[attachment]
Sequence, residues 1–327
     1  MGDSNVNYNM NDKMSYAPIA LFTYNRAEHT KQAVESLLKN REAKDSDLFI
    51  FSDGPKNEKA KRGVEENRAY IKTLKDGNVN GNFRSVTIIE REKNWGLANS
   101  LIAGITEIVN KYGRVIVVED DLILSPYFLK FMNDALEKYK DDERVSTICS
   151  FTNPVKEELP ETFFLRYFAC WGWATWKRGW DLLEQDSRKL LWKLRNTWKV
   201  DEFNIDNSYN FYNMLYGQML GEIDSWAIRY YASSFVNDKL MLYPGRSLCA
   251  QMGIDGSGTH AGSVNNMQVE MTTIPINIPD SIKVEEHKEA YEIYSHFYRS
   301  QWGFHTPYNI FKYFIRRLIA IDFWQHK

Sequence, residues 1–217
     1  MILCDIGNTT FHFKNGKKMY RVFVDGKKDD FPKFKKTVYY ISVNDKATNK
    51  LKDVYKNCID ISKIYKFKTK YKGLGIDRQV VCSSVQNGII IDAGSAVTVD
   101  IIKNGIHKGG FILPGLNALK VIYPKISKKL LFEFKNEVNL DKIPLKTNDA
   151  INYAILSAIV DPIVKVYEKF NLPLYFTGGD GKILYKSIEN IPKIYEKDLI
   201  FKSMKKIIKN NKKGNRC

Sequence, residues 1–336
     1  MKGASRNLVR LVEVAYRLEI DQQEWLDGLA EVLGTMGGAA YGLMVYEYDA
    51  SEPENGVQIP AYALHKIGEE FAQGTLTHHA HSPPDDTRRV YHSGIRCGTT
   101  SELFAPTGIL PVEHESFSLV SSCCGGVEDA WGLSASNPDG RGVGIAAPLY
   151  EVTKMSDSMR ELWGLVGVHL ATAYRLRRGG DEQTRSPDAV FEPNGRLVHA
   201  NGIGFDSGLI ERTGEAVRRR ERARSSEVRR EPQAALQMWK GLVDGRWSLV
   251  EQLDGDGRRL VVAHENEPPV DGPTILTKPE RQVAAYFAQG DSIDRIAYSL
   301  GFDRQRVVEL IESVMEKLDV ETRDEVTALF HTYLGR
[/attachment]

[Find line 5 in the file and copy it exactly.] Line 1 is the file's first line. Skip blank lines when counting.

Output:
   151  FTNPVKEELP ETFFLRYFAC WGWATWKRGW DLLEQDSRKL LWKLRNTWKV